House 7: Greany

The head of the family was 60-year old married farmer Michael Greany. He lived with his wife Ann (60). No details are given as to how long they had been married or how many children they had. However, a son Patrick (33) is also listed on the census and described as a farmer’s son. All three were Roman Catholic, could read and write and came from County Galway. All spoke both Irish and English. The house is described as a 2nd class with 2 rooms and 3 windows. The walls were stone or brick and the roof wood or thatch. The family had 8 outbuildings which included a stable, cow-house, calf-house, dairy, piggery, fowl-house, barn and a shed.

 

House 8: Unoccupied.

 

[i] Given his age he was likely a tailor’s apprentice.

  

1901 Census

Overview of townland

There were 9 houses in total in this townland, of which all were built with 7 inhabited and house numbers 8 and 9 uninhabited. All are recorded as private dwellings. The houses all had stone or brick walls and all had a roof of thatch, wood or other perishable material. All of the dwellings were recorded as 2nd class with house number as 3rd class. There was a total of 8 families and 29 people living in the townland of which 17 were male and 12 were female. All were Roman Catholic and all were born in County Galway. There was a total of 21 out buildings listed for the townland which comprised of a 4 stables, 6 cow houses, 1 calf-house, 3 piggeries, 2 fowl houses, 3 barns and 2 sheds.

 

House 1: Nevin

The household was headed by John Nevin, a 32-year-old single farmer who lived with his unmarried farmer assistant brother Michael Nevin (30). Both occupants were Roman Catholic, had been born in County Galway, but only Michael could read and write. As such, the census form was signed by John Nevin using his mark which was witnessed by Constable Patrick Duffy. The dwelling is described as a 2nd class private dwelling with 2 rooms and 3 windows. The roof of the house was thatch or wood and the walls stone or brick. There were 3 outbuildings consisting of a stable, a cow-house and a fowl-house.

 

House 2: Bolton

Although listed as the wife of the head of the family, Mary Bolton, a 47-year old widowed farmer was, in fact, the head of the family. She shared the house with her sons Henry (24), Patrick (15), James (10) and Michael (8), both Henry and Patrick are described as farmer’s sons while the younger 2 were scholars. Also in the house were her daughters Margaret (20) Marian (17), both farmer’s daughters and Kathleen (12) a scholar. All the siblings were single. All the occupants were Roman Catholic, came from County Galway and all could read and write. The languages spoken column of the census form shows that all spoke English and Mary could speak both Irish and English. The house was described as a 2nd class private dwelling with 2 rooms and 4 windows. The walls were made from stone or brick and the roof of thatch or wood. There were 6 outbuildings consisting of a stable, 2 cow-houses, a calf-house, piggery and a barn.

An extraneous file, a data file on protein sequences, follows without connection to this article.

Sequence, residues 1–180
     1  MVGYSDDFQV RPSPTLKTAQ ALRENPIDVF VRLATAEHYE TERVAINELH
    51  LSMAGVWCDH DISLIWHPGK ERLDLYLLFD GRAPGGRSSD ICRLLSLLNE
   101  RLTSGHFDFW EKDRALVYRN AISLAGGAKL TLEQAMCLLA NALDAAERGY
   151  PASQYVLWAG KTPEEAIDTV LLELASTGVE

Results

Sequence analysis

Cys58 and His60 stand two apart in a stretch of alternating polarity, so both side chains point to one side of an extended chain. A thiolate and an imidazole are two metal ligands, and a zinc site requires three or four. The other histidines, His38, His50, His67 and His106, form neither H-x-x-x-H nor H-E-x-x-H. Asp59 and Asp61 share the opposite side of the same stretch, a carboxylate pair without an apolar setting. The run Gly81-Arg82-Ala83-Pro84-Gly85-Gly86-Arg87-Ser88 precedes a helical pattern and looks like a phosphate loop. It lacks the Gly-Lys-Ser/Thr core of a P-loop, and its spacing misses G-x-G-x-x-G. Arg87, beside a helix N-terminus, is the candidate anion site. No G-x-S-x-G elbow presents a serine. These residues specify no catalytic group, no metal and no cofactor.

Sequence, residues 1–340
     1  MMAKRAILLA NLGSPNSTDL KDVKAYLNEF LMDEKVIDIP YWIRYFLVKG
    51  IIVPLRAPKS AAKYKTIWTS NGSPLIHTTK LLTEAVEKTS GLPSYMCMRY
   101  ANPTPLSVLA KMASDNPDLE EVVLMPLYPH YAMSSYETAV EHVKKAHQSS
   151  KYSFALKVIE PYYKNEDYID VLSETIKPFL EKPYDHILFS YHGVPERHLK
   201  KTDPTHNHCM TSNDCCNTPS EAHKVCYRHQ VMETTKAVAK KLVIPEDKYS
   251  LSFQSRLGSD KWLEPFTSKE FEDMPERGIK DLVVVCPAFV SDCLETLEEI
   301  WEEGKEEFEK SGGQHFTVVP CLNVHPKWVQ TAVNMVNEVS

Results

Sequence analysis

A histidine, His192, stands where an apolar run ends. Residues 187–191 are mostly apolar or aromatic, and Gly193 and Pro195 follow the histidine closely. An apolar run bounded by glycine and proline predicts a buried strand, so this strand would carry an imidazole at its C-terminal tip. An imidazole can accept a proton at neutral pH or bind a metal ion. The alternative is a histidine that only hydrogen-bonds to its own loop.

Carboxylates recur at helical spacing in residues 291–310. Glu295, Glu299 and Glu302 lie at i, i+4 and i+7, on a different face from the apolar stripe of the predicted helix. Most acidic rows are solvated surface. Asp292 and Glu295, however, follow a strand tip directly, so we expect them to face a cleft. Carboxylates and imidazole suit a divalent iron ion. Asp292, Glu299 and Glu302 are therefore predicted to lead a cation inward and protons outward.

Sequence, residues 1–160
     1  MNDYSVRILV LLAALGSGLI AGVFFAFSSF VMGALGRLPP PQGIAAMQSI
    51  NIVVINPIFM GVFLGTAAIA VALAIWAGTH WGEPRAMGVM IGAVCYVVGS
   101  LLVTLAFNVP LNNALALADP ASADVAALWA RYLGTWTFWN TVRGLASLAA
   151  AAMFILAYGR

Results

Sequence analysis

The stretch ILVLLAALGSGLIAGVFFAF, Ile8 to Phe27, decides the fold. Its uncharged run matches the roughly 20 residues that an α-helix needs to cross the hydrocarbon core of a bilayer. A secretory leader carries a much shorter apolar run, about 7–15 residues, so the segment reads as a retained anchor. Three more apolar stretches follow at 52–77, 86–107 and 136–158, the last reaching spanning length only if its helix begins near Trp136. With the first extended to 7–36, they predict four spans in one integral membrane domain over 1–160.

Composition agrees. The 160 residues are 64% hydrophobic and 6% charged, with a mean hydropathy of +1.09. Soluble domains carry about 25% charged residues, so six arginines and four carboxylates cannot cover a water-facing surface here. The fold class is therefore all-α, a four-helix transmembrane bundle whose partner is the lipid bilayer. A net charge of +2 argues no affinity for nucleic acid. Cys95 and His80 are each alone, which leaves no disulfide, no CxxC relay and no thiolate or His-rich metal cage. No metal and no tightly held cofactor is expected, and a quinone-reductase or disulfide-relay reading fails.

House 3: Mullin

The head of the family was 60-year old widowed farmer, Catherine Mullin. She shared the house with her unmarried sons, Michael (28) and James (25) who are both described as farmer’s sons. The three are recorded as being able to read and write, Roman Catholic, and all came from County Galway. They are all recorded as speaking English. The house is described as a 2nd class private dwelling and had 2 rooms and 2 windows. The walls were of brick or stone and the roof was slated. There were 3 out buildings – stable, piggery and a barn.

 

House 4: Twohy

The head of the family is given as 31-year old married farmer, John Twohy. He lived with his wife Annie (30) and they had three sons, Michael (8), Patrick (6), Martin (3), described as scholars as well as daughter Julia K. aged 1. All the occupants were Roman Catholic, came from County Galway and all could read and write with the exception of the three youngest children. John and Annie spoke both Irish and English. The house is described as a 2nd class private dwelling with 2 rooms and 3 windows. The walls were stone or brick and the roof made of thatch or wood. The family had one outbuilding which consisted of a cow-house.

 

House 5: Greany

The head of the family was 70-year old widowed farmer Mary Greany. She shared the house with her married son Michael (49) and his family. Her daughter-in-law Ann (48) is listed as a house-keeper. Also in the house were her grandsons Patrick (25), farmer’s son, Michael (14) a scholar as well as grand-daughter Brigid aged 19 and described as a farmer’s daughter. All were Roman Catholic, could read and write (except Mary Greany who could not read) and came from County Galway. All spoke both Irish and English except the two youngest. And all the grandchildren were single. The house is described as a 2nd class with 2 rooms and 3 windows. The walls were stone or brick and the roof wood or thatch. The family had 6 outbuildings which included a stable, cow-house, piggery, fowl-house, barn and a shed.

 

House 6: Nevin

The head of the family is recorded as Edward Nevin, a 28-year-old unmarried agricultural labourer who shared the house with his brother Michael (30) also single and described as an unemployed shop assistant. Both brothers were Roman Catholic, came from County Galway and spoke both Irish and English. The house is described as a 2nd class private dwelling with 2 rooms and 3 windows. The walls were of stone or brick and the roof was thatched. There were 2 outbuildings consisting of a cow-house and a shed.

  

House 7: Barrett/Galvin

The head of the household was Mary Barrett, a 58-year-old widowed farmer, who shared the house with a 40-year-old lodger, Mary Gavin who is described as a wash-woman. Both women were Roman Catholic and both were from County Galway and could speak Irish and English. However, neither woman could read or write. The census was signed by Mary Barrett using her mark and was witnessed by Constable Duffy. The building is described as a 3rd class private dwelling with 2 rooms and 2 windows. The walls were of stone or brick and the roof wood or thatch. There were no outbuildings.

 

 

Houses 8 and 9: Unoccupied.

 

 

 

 

This page was added on 21/11/2019.